Will an "October surprise" in the prelude to the mid-term elections in the US be the outbreak of world war—that is, direct superpower conflict? Things are escalating fast on the frontlines with both of the United States' major imperial rivals. The US Navy's Pacific Fleet has drawn up a classified proposal to carry out a "global show of force" as a warning to China. The draft proposal reportedly calls for the Pacific Fleet to conduct a series of exercises in the coming weeks, involving warships, combat aircraft and troops, to demonstrate that the US can "counter potential adversaries" quickly on several fronts. (CNN) The plans come after a near-skirmish between a US warship and a Chinese destroyer in the disputed South China Sea on Oct. 2. The two vessles came within yards of each other, compelling the US ship to abruptly switch direction. US officials called the Chinese vessel's behavior "unsafe and unprofessional." while Beijing is accusing the US of violating its sovereignty. (WaPo)
For the first time, after six years of war and escalating atrocities, a member of the Syrian regime's military has been convicted of a war crime. The perpetrator, identified as Mohammad Abdullah, was a low-level soldier who is now in Sweden as a refugee. He was convicted by a Swedish court Oct. 2 of violating human dignity by posing with his boot on a corpse and sentenced to eight months in prison. Abdullah, 32, arrived three years ago in Sweden, where other Syrian refugees recognized him through his Facebook posts and connected him to a photograph he had posted earlier, in which he stands with his boot on the corpse of a man in civilian clothing surrounded by other corpses. As the New York Times notes in its coverage, this is the first conviction of an Assad regime solider in any country, six years after the Syrian revolution was sparked by an incident in which school-children were tortured after painting anti-regime slogans on a wall.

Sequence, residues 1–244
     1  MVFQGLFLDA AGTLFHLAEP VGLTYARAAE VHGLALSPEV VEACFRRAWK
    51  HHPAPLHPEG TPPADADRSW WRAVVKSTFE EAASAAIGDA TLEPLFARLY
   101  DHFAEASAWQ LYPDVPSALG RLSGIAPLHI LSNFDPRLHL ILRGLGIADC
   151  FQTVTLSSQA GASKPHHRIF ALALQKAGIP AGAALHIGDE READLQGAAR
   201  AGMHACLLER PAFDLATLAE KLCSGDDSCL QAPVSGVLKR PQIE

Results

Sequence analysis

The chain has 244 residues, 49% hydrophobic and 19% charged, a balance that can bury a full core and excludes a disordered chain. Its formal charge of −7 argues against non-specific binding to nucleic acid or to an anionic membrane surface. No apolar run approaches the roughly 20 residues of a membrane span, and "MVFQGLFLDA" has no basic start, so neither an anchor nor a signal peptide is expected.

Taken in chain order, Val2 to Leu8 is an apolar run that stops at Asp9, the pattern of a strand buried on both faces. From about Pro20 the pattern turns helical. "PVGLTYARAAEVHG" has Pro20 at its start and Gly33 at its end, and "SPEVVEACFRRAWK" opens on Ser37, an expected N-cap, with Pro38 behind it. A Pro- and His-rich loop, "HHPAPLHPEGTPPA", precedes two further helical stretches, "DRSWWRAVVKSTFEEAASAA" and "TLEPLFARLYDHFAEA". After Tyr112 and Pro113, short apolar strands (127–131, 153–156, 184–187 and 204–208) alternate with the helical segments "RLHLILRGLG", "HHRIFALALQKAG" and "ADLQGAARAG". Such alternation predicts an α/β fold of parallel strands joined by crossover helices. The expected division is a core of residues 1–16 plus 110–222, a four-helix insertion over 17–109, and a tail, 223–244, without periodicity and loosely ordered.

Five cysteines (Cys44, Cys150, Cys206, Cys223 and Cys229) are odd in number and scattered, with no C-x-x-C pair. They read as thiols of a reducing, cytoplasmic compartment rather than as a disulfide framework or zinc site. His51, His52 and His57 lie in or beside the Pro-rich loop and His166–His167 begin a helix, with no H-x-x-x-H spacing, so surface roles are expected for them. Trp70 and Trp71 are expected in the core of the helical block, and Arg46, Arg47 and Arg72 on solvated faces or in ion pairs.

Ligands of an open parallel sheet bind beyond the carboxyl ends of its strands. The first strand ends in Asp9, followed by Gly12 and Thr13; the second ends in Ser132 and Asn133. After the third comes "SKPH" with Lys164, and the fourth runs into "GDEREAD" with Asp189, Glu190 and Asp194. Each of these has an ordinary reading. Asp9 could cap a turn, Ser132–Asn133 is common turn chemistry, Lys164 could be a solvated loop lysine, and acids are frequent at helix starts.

A Moscow district court rejected a lawsuit Sept. 18 filed by a relative of Raoul Wallenberg, seeking to access uncensored documents concerning Wallenberg's death in Soviet captivity. Wallenberg was a Swedish diplomat who is said to have rescued thousands of Hungarian Jews during World War II. Soviet forces detained Wallenberg in 1945, supposedly for espionage, and placed him in Moscow's Lubyanka Prison (then part of the headquarters complex of NKVD, later the KGB). The USSR released a document in 1954 saying Wallenberg died in Lubyanka of heart failure in 1947. The actual cause of Wallenberg's death is still a matter of speculation. Wallenberg's niece, Marie Dupuy, filed the lawsuit against the KGB successor organization, the Federal Security Service (FSB), requesting documents that would shed light on the circumstances surrounding his death.
US Secretary of State Rex Tillerson on May 11 signed the Fairbanks Declaration, affirming the neeed for protection of the Arctic's climate. The move, at the 10th Arctic Council Ministerial Meeting held in the Alaska city, came after much speculation that the US would decline to sign, or even use the occasion to announce its withdrawal from the Paris Agreement. The Fairbanks Declaration notes the importance of the Paris Agreement, while stating that "the Arctic is warming at more than twice the rate of the global average." The US getting on board was apparently the fruit of behind-the-scenes diplomatic pressure. "I think we were able to push the US back as much as possible," Rene Solderman, Finland's senior adviser on Arctic affairs, told reporters after the ministerial session.